WTF, or in which I call Bullshit on the Wall Street Journal

Would you look at how great Amazon is, promoting the hell out of the debut novel The Story of Edgar Sawtelle, which they discovered. You can’t hear me saying this out loud, so you might not detect the sarcasm. According to this article in the Wall Street Journal, “driving that unexpectedly heavy demand has been strong reviews and promotional support from ” I’m not doubting their numbers or the strength of Costco, Barnes & Noble, and Amazon’s buying power, but no where do they mention the fact that independents have been on the Sawtelle bandwagon from the beginning. I read it months and months ago and forced others at my store to read it as well. I recommended it heavily in January at the ABA Winter Institute and I wasn’t the only one. We’ve been behind this book from the moment the galleys hit our desks. I resent the WSJ ignoring that fact. Who made The Story of Edgar Sawtelle one of their Signed First Edition Club picks, the first debut novelist chosen for the program? Who asked to have David Wroblewski come to our store for a reading back in January? Who has had to ask our poor sales rep for more galleys each week? Excuse me while I take a time out.

Postscript: The first comment I got made me see that I’m not being clear here. I’m not angry that all these large chains are being Sawtelle. I think it speaks to the greatness of the book. I’m annoyed that they only spoke with B&N, Costco, and Amazon as if the independents had nothing to do with the book’s success. Basically, they’re getting all the glory and we’re getting none. It would be nice if we were recognized too.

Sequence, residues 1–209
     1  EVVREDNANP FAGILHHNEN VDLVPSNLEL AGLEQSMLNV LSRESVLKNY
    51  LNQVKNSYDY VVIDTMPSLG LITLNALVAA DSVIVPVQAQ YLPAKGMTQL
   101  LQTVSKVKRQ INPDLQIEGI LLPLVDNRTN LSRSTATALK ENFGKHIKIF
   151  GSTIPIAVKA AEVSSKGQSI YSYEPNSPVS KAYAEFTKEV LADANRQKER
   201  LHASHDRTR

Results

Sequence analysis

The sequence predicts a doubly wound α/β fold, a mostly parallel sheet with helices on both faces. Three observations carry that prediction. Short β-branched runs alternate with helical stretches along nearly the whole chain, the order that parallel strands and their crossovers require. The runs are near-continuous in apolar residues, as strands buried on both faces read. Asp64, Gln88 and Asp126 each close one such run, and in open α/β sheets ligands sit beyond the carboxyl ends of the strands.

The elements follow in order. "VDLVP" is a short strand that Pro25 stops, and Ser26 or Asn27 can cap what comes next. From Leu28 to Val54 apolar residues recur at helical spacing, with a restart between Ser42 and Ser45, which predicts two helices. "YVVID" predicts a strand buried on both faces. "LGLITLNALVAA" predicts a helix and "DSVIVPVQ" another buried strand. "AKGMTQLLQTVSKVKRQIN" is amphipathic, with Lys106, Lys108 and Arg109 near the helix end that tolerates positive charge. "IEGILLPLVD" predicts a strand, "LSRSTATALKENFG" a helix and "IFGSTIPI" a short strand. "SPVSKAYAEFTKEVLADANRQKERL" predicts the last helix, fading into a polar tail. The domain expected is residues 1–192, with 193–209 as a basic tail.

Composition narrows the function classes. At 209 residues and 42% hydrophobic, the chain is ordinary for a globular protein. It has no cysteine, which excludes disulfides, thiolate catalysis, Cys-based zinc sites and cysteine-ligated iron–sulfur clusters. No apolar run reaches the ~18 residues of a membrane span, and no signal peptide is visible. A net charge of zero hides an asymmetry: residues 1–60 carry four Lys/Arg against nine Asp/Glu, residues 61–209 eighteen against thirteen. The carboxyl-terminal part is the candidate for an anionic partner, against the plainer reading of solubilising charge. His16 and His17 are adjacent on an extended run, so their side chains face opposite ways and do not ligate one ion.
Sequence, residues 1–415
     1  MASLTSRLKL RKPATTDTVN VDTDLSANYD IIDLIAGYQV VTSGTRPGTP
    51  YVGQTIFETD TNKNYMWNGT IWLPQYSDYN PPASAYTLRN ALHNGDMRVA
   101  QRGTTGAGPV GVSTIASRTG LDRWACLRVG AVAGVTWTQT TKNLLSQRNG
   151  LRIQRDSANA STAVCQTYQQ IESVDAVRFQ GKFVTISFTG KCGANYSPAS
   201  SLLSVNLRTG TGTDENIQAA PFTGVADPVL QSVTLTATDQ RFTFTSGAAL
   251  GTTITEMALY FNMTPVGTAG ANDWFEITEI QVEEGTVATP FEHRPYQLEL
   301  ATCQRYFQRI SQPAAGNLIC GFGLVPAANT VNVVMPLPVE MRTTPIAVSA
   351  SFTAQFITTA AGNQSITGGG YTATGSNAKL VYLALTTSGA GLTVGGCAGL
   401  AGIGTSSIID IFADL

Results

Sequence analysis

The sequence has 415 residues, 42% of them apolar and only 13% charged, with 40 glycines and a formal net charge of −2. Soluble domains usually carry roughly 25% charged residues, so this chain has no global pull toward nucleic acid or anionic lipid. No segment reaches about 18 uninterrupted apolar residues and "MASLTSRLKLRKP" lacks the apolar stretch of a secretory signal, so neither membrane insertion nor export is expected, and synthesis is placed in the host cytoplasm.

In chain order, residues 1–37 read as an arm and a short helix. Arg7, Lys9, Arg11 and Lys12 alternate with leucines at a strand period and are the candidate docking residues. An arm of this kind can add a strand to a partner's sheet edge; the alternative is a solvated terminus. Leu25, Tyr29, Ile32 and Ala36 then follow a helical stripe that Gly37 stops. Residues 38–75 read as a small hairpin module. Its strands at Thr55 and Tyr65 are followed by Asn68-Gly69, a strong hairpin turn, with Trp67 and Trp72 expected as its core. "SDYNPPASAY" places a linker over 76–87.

9 thoughts on “WTF, or in which I call Bullshit on the Wall Street Journal

  1. Pingback: WTF, or in which I call Bullshit on the Wall Street Journal

  2. Steve Laniel

    With lots of due respect, I think your anger is misdirected. Being behind a book, and being responsible for “unexpectedly heavy demand,” are not the same thing.


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  4. Molly


    I am reading the Pandora Prescription by James Sheridan and I was curious if you have ever read it? Also, have you heard about this?



  5. Lynn Rosen

    I’d like to join in as another fan and early supporter of David Wroblewski as well! I teach a continuing ed class at Temple University in Philadelphia called “A Sneak Peek at Next Year’s Bestsellers.” We read THE STORY OF EDGAR SAWTELLE last spring and loved it! I’m interviewing the author now on my blog, and also interviewed him for a piece on BookShorts, which will be posted soon at


  6. Jason Kennedy

    I don’t think the anger is misdirected like Steve above mentioned. It is a bit frustrating when a the independents find a book, work the hell out of the book, and then get short changed on the credit. Trust me Steve, with a first time novelist, it is not the chains who are the cause for the demand but who are in the right place at the right time.


  7. LouisBranning

    I’m sorry, Dwarf, but last night I finished the overwrought mess that is Wroblewski’s Edgar Sawtelle and couldn’t have been more disappointed with it.


  8. Daniel G

    Wroblewski read at our store the day the Wall Street Journal piece came out and he was as surprised as we were by the article’s slant. Jefferey Trachtenberg had indicated that he was going to write about indie support for Sawtelle but did not. The problem is, indies making a book is just not a story, particularly for WSJ readers. They want to know that their stock-market darling is a big-time winner in every way possible and influencing reading tastes sure proves that, doesn’t it?


  9. Emily Russo Murtagh

    I’m writing this very post late in the game, but we too (The Odyssey Bookshop) got our hands on this wonderful novel very early on. We selected it for our First Editions Club and have sold nearly 400 copies to date. I can virtually guarantee that’s more than many of the small-town Barnes and Nobles have sold. I don’t think Dwarf’s anger is misdirected, at all, and Daniel G. hits the nail on the head. This is about money — not the love for or the quality of the book.


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